Thank you! Your submission has been received!
Oops! Something went wrong while submitting the form.

Hey, your browser is out of date!

We have noticed you're currently using an old insecure version of
Internet Explorer.

To provide you with the best user experience possible, you will need to update your browser to continue using this website.
Contact UsTravel Agent PortalRequest a Brochure
0800 988 3369
28th June 2018
How To Visit Italy’s Three Active Volcanoes
For anybody interested in the science or natural make-up of volcanoes (or indeed the breathtaking views they offer), Italy is one of the best destinations in Europe in which to see them.

Despite the obvious dangers they hold, we, as humans, seem to have an undeniable fascination with volcanoes. On one hand, we regale stories of past horrors in places like Pompeii yet, on the other, we admire the destructive beauty of these fire-breathing giants and attempt to conquer them by climbing to their summit.

For anybody interested in the science or natural make-up of volcanoes (or indeed the breathtaking views they offer), Italy is one of the best destinations in Europe in which to see them. The country has three active volcanoes in total, putting it second behind Iceland in terms of the highest number of these within the continent.

So, with Etna, Vesuvius and Stromboli waiting to be discovered here is the best way to visit them all.

Vaulting Up Vesuvius


The destruction caused by Vesuvius in AD 79 has made the area around it an important historical site and millions of people come to this part of Italy every year to see Pompeii and Herculaneum for themselves. Many of these visitors also combine this with an ascent of the very peak that caused the devastation.

There are two main choices of where to stay if you want to climb Vesuvius – Naples or the Amalfi Coast. Whilst the former offers more affordable accommodation and the chance to explore one of the most interesting Italian cities, many prefer the luxury and relaxation that comes with the more expensive hotels in towns such as Positano, Amalfi and Sorrento.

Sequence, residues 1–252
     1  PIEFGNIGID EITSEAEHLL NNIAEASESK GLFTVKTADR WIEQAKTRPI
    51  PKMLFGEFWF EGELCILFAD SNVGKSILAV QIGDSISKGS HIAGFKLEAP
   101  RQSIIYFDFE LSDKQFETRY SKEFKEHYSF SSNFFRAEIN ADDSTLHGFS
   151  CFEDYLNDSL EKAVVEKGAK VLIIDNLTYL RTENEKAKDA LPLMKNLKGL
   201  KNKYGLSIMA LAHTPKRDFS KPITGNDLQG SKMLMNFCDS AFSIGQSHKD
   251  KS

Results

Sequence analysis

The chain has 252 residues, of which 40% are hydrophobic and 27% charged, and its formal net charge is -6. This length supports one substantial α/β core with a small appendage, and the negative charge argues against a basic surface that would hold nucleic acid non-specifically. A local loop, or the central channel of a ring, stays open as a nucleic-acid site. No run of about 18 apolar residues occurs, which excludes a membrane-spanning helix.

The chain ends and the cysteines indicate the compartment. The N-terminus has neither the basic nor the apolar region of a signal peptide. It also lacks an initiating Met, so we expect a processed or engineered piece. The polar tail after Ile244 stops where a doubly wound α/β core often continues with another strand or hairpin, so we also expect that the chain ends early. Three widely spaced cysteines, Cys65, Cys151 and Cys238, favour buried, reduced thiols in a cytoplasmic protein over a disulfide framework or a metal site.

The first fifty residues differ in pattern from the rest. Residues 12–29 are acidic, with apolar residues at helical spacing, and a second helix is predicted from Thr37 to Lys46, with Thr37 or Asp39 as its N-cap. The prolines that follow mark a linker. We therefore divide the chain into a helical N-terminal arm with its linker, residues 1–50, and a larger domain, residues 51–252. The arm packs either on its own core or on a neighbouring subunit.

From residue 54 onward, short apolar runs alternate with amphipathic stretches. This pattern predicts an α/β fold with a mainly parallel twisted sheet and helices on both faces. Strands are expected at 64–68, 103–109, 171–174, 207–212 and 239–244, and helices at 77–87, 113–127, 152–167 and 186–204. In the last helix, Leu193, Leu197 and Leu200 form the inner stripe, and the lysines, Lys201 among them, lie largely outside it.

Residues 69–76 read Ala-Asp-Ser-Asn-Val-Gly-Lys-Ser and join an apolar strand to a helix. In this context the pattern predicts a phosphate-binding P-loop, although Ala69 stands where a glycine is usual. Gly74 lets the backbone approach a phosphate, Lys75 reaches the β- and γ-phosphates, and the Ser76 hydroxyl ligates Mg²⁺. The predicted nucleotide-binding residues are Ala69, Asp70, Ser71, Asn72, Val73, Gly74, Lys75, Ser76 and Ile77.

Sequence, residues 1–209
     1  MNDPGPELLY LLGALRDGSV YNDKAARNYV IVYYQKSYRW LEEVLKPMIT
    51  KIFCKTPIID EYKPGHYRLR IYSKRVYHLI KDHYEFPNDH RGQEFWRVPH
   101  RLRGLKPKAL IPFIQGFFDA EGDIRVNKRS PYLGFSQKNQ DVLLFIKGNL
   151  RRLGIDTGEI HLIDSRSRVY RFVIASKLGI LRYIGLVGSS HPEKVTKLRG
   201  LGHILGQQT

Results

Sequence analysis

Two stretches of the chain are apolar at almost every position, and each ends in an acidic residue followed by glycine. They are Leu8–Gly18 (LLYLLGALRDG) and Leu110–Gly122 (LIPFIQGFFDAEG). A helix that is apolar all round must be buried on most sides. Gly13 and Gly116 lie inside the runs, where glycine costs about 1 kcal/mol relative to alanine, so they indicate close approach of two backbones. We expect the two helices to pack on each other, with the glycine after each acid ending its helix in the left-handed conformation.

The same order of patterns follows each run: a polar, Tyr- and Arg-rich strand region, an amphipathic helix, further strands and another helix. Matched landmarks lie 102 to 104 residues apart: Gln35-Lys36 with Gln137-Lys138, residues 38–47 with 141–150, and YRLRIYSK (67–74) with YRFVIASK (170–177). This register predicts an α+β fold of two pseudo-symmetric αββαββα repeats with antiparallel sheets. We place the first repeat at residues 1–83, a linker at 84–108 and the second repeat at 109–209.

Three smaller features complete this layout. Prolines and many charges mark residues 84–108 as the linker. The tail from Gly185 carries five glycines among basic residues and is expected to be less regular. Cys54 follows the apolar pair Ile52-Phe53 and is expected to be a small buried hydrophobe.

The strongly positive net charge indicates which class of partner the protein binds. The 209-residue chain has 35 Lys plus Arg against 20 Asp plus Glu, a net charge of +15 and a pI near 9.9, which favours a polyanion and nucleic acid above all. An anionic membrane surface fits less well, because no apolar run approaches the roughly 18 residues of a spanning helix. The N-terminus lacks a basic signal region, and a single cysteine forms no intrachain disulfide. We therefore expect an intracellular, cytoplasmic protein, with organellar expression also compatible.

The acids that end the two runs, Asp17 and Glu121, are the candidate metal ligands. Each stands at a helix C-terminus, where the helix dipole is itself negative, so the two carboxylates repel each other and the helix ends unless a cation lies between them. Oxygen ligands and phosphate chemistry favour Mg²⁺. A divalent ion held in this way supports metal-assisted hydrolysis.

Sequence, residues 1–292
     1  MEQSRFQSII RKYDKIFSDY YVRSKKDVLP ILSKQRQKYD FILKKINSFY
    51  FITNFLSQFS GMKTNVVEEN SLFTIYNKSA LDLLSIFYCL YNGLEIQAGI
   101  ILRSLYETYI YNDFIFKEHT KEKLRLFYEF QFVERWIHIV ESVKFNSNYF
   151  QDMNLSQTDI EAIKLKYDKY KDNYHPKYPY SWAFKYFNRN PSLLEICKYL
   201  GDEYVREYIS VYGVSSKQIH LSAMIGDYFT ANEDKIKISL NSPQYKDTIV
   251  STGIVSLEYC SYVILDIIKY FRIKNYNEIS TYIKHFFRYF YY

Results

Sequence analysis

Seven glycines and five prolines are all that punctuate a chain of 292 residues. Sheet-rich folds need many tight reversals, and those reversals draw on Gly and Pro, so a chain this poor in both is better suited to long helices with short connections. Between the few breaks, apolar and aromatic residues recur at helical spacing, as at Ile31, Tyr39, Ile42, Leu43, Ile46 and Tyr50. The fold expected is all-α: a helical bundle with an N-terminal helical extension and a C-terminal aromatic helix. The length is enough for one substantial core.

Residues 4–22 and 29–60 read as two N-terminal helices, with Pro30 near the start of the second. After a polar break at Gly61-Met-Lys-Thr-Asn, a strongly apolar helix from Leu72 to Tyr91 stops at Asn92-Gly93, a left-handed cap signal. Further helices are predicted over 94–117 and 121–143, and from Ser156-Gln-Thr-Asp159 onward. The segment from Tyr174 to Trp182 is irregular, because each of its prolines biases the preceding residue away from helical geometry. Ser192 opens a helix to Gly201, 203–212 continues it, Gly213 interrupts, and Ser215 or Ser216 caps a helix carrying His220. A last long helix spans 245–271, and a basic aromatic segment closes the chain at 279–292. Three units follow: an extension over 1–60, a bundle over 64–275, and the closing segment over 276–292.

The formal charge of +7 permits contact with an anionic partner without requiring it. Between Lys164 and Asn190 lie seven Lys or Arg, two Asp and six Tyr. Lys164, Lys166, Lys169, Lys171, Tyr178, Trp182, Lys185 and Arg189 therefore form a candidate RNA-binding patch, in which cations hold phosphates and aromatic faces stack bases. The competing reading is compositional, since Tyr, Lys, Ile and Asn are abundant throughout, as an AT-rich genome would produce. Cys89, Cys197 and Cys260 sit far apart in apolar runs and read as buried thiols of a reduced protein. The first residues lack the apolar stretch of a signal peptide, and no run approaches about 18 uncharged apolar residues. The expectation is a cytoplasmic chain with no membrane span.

The easiest route to the volcano is from Naples. The region’s Circumvesuviana trains depart regularly from two different stations (Naples Garibaldi and Porta Nolana) and the journey time is between 20 and 40 minutes.

The reasons for this is that there are two choices as to which station you get off at – Ercolano Scavi or Pompei Scavi. Choosing the Pompeii option will leave you further away from Vesuvius but with more options of how to get there, whilst getting off at Ercolano drops you closer but you have to rely on the unpredictable local buses.

Vesuvius Path

Top Tip: Get on at Porta Nolana, the start of the line, to guarantee a seat. These trains are quite old and not the most comfortable, especially if you have to stand up the whole way.

At Pompeii Scavi, you will see a bus stop directly opposite the train station. From here, Eav/Sita buses leave every 50 minutes and you can just climb aboard and pay the driver the €6 it costs for a round-trip. Other options include taking the slightly more efficient Busvia del Vesuvio which will deliver you higher up than any other bus as part of an organised tour.

If you arrive at Ercolano Scavi, a swathe of taxis and minibuses will offer to take you up to the ticket office at 1000 metres. However, a better option is the Vesuvius Express which departs regularly and costs €10pp.

Travelling from the Amalfi coast involves a very similar journey. The line from Naples runs all the way to Sorrento, so you can simply take the train in the opposite direction and get off at one of the two stations mentioned above. If you are staying somewhere like Amalfi or Positano, though, you will need to hop aboard the local bus to Sorrento first.

Vesuvius Crater

Upon arriving at the ticket office, the hike to the edge of the crater begins. Estimates on how long it will take vary from 20 minutes to 45 but most people will find it to be somewhere between these two. At the start, the gravel path twists and turns at a steep incline, but this soon straightens and levels out as you get towards the top.